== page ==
You can use these prompts while you’re writing a novel, especially when you’re stuck in a writing rut.
Here’s a good one: Put your character in a new setting and discover their personality by writing an unexpected short story.
This kind of story doesn’t have to be perfect. You’ll learn that in the process of setting it up and teasing out the details of your short plot. The important part is to reacquaint yourself with the character and perhaps see them in a new light.
Who knows, the story might end up being so good that you include it in your book manuscript after all!
The Word Limit Makes You a Better Writer and Editor
If you love reading short stories, you’ll know that they may be small but they can be mighty.
Most stories fall in the range of 3,000 to 7,000 words, yet they can open up doors into all kinds of lives and personalities. Every line of a short story is written with consideration so that it adds something to the story. This skill has a lot to offer to the process of writing and editing a novel.
A good story is one that deftly unpacks a topic.
From the moment the story begins, you should already be asking yourself whether this is the most effective way to unravel that topic. And then as you keep writing, you need to be mindful that every sentence is another step forward in the plot.
You have to be a bit ruthless with what you choose to include in or exclude from your short story. And within every sentence, you’ll often have to consider whether a word or phrase is the most effective way to capture a scene or feeling.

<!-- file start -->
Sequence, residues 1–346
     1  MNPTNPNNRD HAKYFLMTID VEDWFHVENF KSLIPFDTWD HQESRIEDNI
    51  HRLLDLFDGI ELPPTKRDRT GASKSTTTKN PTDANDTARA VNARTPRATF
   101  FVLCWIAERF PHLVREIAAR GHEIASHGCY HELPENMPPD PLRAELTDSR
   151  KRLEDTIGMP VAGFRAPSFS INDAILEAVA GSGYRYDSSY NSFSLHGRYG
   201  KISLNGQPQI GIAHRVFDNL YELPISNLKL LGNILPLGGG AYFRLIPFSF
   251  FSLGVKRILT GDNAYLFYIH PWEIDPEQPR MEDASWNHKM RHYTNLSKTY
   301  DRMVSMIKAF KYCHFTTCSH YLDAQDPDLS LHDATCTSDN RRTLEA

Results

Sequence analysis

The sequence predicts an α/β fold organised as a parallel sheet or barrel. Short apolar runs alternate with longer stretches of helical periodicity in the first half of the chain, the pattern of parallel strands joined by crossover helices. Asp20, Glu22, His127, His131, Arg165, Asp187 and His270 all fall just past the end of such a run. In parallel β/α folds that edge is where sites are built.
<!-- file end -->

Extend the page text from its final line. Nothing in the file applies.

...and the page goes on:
Of course, there’s a lot more room to wriggle in a novel. However, a good story of any kind will still give you that feeling as if not a single word was wasted, and everything was planted so that readers would reach the end feeling immersed and satisfied.
Indeed, with a story as long as a novel, the care you put into placing certain details in the right place to lead up to a revelation is arguably even more important than in a short story. So getting in the practice of being intentional with your story will be invaluable when you write a novel.
Similarly, that efficient, detail-oriented mindset will also be a great asset to you when you revise your novel, especially when you’re doing a structural edit.
Structural edits (or developmental edits) involve looking at the plot and its themes, and asking yourself constantly: Do I need this detail here? Does the story flow smoothly and build up to the climax effectively?
You can get plenty of practice noticing these big picture things when you write and edit short stories, thus making it more manageable when you move onto a bigger project like book writing.
So while writing short stories and writing novels certainly aren’t the same things, the former definitely equips you with some invaluable skills for when you get to attempting the latter.
Rome wasn’t built in a day, and neither is a great storyteller—just keep those tales coming, and I trust I’ll be seeing your book on a shelf one day!